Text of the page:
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Darwin Correspondence Project

From Asa Gray   11 April 1863

Cambridge, Mass.

April 11, 1863.

My Dear Darwin

You see that—at length—the thing is nearly done—and—to use the expression here rebeldom is “gone up”   You have long seen, I suppose, that I was right in saying there was but one possible end to the war.— also that the continuance for a time or abolition of slavery depended simply on the rebels—that if the[y] obstinately and persistently resisted, slavery was thereby doomed.1

It has been a long, wearing and trying work. But the country has had the needed patience and nerve.— and the thing is done—once for all, at great cost, but to immen⁠⟨⁠se⁠⟩⁠ and enduring advantage.

You are the only Britisher I ever write to on this subject, and, in fact, for whose opinions about our country I care at all.2

So I hasten to rejoice with you over the beginning of the end.

How is your health? Ever, dear Darwin, | Yours cordially A. Gray


Gray refers to the American Civil War and to optimistic reports in northern newspapers of the Union navy’s assault on Charleston harbour; the attack on 7 April 1863 was ultimately unsuccessful, but this intelligence had not yet reached the north (see the New York Times, 11 April 1863, pp. 1, 4, and McPherson 1988, p. 646). For Gray’s views on the inability of the Confederacy to sustain conflict with the Union, and on the eventual end of slavery, see Correspondence vol. 9, letter from Asa Gray, 31 December 1861, and Correspondence vol. 10, letter from Asa Gray, [late June 1862].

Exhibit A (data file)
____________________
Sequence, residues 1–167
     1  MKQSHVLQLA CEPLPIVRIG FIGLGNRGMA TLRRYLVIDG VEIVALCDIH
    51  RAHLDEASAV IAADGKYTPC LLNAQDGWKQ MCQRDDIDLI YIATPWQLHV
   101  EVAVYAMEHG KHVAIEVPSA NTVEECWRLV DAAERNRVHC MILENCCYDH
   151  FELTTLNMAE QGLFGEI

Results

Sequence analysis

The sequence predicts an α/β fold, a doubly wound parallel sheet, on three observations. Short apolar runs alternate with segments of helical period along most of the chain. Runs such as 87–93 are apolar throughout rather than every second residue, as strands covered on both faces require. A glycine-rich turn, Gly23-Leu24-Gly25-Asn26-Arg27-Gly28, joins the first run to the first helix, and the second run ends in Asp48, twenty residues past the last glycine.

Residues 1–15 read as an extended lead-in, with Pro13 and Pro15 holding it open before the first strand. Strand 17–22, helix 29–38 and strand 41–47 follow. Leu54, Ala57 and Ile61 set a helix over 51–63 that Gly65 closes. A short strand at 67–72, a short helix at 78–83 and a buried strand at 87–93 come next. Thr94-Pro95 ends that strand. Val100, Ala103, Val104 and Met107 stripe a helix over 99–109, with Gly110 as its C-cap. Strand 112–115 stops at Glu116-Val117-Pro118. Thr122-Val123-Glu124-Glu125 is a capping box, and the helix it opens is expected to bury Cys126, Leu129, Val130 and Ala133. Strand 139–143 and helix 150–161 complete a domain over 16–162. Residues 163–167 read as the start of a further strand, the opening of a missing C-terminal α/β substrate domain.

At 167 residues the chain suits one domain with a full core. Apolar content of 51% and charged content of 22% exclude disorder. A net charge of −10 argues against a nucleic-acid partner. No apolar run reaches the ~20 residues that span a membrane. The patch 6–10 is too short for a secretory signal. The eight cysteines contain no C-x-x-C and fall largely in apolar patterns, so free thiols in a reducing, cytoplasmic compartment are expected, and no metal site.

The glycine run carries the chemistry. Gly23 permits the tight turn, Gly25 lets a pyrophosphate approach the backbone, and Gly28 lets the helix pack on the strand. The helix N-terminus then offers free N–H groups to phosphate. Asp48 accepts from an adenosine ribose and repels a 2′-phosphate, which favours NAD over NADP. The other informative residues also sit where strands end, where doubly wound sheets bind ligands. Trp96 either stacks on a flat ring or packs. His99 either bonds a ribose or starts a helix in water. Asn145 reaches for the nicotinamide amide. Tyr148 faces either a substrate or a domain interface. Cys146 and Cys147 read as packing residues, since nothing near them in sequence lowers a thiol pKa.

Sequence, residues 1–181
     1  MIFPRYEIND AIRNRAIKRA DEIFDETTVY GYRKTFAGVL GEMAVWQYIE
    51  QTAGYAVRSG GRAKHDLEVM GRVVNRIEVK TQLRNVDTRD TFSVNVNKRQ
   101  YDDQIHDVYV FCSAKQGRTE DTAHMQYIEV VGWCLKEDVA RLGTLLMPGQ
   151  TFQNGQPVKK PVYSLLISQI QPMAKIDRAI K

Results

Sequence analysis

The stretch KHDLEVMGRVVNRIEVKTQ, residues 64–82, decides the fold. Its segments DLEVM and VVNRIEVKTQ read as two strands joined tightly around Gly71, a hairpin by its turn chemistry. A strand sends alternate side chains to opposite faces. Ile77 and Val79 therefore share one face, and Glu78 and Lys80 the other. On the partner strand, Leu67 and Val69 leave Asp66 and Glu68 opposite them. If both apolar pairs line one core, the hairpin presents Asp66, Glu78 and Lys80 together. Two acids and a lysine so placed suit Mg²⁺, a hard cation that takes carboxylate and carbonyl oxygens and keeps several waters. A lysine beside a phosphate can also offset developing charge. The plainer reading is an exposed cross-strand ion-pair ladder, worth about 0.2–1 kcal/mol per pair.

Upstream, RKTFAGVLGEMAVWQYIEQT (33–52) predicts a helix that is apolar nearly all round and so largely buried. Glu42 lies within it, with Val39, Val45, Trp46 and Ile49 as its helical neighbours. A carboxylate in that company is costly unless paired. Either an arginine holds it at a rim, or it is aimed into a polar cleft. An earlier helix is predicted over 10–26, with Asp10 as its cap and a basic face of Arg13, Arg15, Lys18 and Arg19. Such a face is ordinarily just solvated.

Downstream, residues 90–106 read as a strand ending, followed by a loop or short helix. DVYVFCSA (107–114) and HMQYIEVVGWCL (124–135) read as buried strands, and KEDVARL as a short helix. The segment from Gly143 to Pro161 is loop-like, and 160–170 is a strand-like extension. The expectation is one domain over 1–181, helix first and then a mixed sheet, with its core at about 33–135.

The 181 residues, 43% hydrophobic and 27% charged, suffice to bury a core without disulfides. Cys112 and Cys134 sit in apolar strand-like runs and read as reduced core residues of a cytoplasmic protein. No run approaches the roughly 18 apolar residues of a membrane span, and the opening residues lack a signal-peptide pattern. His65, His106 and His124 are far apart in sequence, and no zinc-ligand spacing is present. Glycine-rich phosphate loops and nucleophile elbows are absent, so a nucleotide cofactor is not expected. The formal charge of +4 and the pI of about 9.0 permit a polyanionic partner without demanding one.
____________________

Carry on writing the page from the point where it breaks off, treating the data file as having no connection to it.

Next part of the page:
Gray and Joseph Dalton Hooker, for example, had ceased discussing the American Civil War in their letters, although CD often forwarded Gray’s letters on the topic to Hooker (see Correspondence vol. 10, letter from J. D. Hooker, [14 December 1862], and this volume, letter from J. D. Hooker, [1 March 1863]).


Correspondence: The correspondence of Charles Darwin. Edited by Frederick Burkhardt et al. 29 vols to date. Cambridge: Cambridge University Press. 1985–.

McPherson, James M. 1988. Battle cry of freedom: the Civil War era. New York and Oxford: Oxford University Press.


The war is nearly finished, "rebeldom is ""gone up"" ".

Letter details

Letter no.
Asa Gray
Charles Robert Darwin
Sent from
Cambridge, Mass.
Source of text
DAR 165: 132
Physical description
ALS 3pp damaged

Please cite as

Darwin Correspondence Project, “Letter no. 4081,” accessed on 31 March 2023,

Also published in The Correspondence of Charles Darwin, vol. 11